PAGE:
Director's Seminar on October 8: Nancy Sottos

The next Director's Seminar of fall 2015 is scheduled for October 8, featuring Nancy Sottos, materials science and engineering professor and part-time faculty member of the Autonomous Materials Systems Group. The presentation will start at noon in Beckman room 1005, and lunch will be provided.

The Evolution of Vascularized Polymers and Composites

Integration of microvascular networks in synthetic materials provides an effective vehicle for the distribution and replenishment of active fluids throughout the material, enabling a plurality of biologically inspired functions such as self-healing, regeneration, self-sensing, self-protection, and self-cooling. Several approaches exist for fabricating complex microvascular networks in structural polymers and composites including soft lithography, laser micromachining, electrostatic discharge, and fugitive inks. In our most recent work, sacrificial material consisting of the biopolymer poly(lactic) acid (PLA) is treated with a tin catalyst to accelerate thermal depolymerization and formed into sacrificial templates across multiple dimensions and spanning several orders of magnitude in scale: spheres (0D), fibers (1D), sheets (2D), and 3D printed. The templates are embedded in polymers and composites and are removed using a thermal treatment process—vaporization of sacrificial components (VaSC)—leaving behind an inverse replica. This seminar describes the progression of microvascular materials from relatively primitive networks to heal small cracks in a polymer coatings to fully three-dimensional bio-inspired vasculature integrated in multifunctional fiber reinforced composites, to the use of vascular delivery for regeneration of new material following catastrophic, large scale damage.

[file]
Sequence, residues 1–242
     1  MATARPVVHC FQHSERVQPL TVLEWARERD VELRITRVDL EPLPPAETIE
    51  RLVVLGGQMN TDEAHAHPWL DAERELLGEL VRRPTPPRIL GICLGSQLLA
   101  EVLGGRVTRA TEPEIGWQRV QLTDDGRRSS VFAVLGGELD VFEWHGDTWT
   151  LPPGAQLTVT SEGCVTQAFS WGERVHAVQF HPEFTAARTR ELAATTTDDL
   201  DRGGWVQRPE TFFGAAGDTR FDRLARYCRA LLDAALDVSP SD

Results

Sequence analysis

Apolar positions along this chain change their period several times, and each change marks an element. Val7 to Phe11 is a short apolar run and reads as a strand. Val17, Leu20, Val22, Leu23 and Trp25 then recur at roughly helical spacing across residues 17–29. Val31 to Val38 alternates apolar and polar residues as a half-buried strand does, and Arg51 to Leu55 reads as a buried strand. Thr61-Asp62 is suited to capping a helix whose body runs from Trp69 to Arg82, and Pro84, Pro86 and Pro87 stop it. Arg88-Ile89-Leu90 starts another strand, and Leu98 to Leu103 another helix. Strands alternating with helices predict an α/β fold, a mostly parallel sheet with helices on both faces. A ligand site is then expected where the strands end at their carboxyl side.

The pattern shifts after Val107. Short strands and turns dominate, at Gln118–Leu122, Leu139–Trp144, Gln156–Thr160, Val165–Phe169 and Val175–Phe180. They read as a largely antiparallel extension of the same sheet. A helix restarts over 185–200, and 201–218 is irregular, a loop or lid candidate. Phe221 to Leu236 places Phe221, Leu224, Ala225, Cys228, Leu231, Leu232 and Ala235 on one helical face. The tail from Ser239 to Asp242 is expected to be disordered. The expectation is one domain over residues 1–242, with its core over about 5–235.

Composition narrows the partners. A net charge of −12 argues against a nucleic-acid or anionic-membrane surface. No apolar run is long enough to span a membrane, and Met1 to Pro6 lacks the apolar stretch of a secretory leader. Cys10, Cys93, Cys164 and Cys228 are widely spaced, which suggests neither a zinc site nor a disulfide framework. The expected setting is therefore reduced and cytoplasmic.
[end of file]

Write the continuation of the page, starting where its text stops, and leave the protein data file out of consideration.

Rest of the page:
Materials science and engineering professor Nancy SottosNancy Sottos is the Donald B. Willet Professor of Engineering in the Department of Materials Science and Engineering at the University of Illinois Urbana-Champaign. She is also a co-chair of the Molecular and Electronic Nanostructures research theme at the Beckman Institute. Sottos started her career at Illinois in 1991 after earning a Ph.D. in mechanical engineering from the University of Delaware. Her research group studies the mechanics of complex, heterogeneous materials such as self-healing polymers, advanced composites, and thin film microelectronic devices, specializing in micro and nanoscale characterization of deformation and failure in these material systems. Sottos’ research and teaching awards include the ONR Young Investigator Award (1992), Outstanding Engineering Advisor Award (1992, 1998, 1999 and 2002), the R.E. Miller award for Excellence in Teaching (1999), University Scholar (2002), the University of Delaware Presidential Citation for Outstanding Achievement (2002), the Hetényi Award from the Society for Experimental Mechanics (2004), Scientific American's SciAm 50 Award (2008), Fellow of the Society of Engineering Science Fellow (2007), and the M.M. Frocht and B.J. Lazan awards from the Society for Experimental Mechanics.